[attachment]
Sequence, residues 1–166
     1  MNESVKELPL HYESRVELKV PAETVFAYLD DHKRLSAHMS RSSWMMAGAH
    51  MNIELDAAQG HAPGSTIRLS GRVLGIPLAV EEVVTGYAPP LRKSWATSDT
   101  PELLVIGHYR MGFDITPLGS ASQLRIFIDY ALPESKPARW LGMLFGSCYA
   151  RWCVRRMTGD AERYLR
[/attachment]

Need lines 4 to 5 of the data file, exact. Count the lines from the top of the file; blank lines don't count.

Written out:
   101  PELLVIGHYR MGFDITPLGS ASQLRIFIDY ALPESKPARW LGMLFGSCYA
   151  RWCVRRMTGD AERYLR